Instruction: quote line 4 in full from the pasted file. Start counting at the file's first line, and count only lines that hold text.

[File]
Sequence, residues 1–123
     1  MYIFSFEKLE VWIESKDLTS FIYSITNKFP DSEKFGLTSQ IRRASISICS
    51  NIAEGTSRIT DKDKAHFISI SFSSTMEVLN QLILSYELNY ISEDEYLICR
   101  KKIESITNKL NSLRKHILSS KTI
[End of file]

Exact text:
   101  KKIESITNKL NSLRKHILSS KTI